When periodontal disease is intercepted early, it can usually be controlled without requiring surgical intervention. When intercepted later, after it’s progressed and begun to destroy the connective ligaments and gingival tissues, periodontal disease can’t be reversed, though non-surgical treatment methods might still be available. In some cases, however, surgical treatments are necessary to halt and repair the effects of periodontal disease, and to create conditions that will discourage periodontal disease from happening again. If saving the natural teeth is possible, treatment will be primarily directed toward this goal. If the natural teeth cannot be saved, the treatment will shift toward clearing disease from the oral cavity to restore it to health and prepare it for dental restoration possibilities. These dental restoration options are vast and varied, and there are restoration options that can suit all sorts of lifestyle preferences, clinical needs, and budgets.


In some cases, especially in its earlier stages, periodontal disease can be mostly painless. This might make you forget you have periodontal disease, or you might believe that if something doesn’t hurt, it’s okay to ignore it. Delaying treatment for periodontal disease is a universally bad idea, however, as it allows periodontal disease to progress and wreak further havoc on the periodontium. Periodontal disease also accelerates additional periodontal disease, so it might not take that long for periodontal disease to get worse and lead to tooth loss. With routine visits to your general dentist, gum disease can be detected and reversed before it begins to destroy the periodontium, and, if your dentist refers you to a periodontist, your periodontist will attempt non-surgical treatment methods for your advanced periodontal disease. The most common non-surgical treatment procedure is scaling and root planing, which is a deep cleaning of the gums that removes and prevents infection. Periodontists also perform a variety of surgical procedures, like bone and tissue regeneration and dental implant treatments, that are intended to help restore the periodontium to a healthy appearance and function. Some periodontal surgeries are broken up into separate procedures that occur intermittently, allowing sufficient healing between procedures, and this can lead to longer treatment times. For most people, stopping the destructive effects of periodontal disease and restoring the health of the oral cavity, often successfully saving the teeth, is worth the investment.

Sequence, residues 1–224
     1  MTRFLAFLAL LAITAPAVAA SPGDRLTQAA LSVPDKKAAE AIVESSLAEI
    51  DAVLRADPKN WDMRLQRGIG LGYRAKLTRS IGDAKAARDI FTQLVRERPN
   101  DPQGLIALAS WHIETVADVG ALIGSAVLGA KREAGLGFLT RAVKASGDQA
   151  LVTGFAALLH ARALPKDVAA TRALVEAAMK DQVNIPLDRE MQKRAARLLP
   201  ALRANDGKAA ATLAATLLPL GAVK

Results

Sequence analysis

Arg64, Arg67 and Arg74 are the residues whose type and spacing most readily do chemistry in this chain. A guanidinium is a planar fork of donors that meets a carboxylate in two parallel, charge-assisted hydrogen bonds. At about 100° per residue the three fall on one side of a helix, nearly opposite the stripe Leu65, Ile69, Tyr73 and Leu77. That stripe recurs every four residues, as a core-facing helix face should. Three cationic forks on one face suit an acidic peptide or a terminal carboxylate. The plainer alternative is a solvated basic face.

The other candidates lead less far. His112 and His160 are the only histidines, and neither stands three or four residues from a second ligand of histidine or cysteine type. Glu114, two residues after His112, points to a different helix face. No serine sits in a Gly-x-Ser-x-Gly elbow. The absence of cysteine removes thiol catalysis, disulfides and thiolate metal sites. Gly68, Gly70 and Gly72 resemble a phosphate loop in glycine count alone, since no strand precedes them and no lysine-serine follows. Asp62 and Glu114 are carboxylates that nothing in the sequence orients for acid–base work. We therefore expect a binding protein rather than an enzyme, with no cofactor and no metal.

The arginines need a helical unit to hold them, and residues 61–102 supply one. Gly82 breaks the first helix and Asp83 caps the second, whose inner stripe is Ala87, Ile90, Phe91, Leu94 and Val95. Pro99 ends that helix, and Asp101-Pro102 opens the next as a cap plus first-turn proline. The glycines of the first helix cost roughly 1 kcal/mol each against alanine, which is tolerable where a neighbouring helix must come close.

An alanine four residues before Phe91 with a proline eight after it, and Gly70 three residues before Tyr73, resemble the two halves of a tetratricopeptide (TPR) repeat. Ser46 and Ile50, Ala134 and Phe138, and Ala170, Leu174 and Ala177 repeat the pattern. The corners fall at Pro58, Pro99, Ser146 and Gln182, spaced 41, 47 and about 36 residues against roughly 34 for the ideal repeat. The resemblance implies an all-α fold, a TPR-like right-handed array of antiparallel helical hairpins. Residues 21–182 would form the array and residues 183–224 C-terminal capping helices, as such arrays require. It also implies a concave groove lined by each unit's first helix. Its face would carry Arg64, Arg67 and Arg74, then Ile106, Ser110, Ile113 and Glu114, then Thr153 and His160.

At your first visit to your periodontist, you and the doctor will review your treatment timeline. If your treatment plan includes required surgical procedures, your periodontist will explain these procedures to you and make sure you are properly prepared. If you have diseased or infected teeth, these teeth will be treated or extracted by a dental specialist working in collaboration with your periodontist. If you’re seeing a periodontist to prepare your jawbone dental implants, you and your periodontist will plan your associated surgery, and your periodontist will assess your healing timeline to make sure you’re thoroughly ready for dental implants to be placed. Depending on the reasons for your visit to a periodontist, you may need more or less frequent maintenance visits during treatment. The scheduling of these maintenance visits will be based on the severity of the patient’s condition, the presence of additional risk factors for periodontal disease, and your demonstrated commitment to maintaining an effective oral hygiene routine. Most patients who are in generally good oral health and overall health see their periodontists at recommended six-month intervals, though patients with severe periodontal disease who are earlier in their treatment timeline might be counseled to schedule maintenance appointments every three or four months.


The frequency of maintenance appointments for periodontal disease will lessen as treatment progresses and the disease remains under control. Certain factors affect the timeline of maintenance visits and overall treatment, including some medical conditions, your diet and nutritional choices, whether you smoke or otherwise use tobacco, and the integrity of your home hygiene practices. If you want advice about smoking cessation or diet and lifestyle choices that affect the periodontal and oral health, ask your periodontist and your primary care provider. With holistic attention to the causes and symptoms of periodontal disease, you and your medical providers can reduce the risk of recurrence for periodontal disease and keep it from progressing past the point of no return.

How to Choose a Periodontist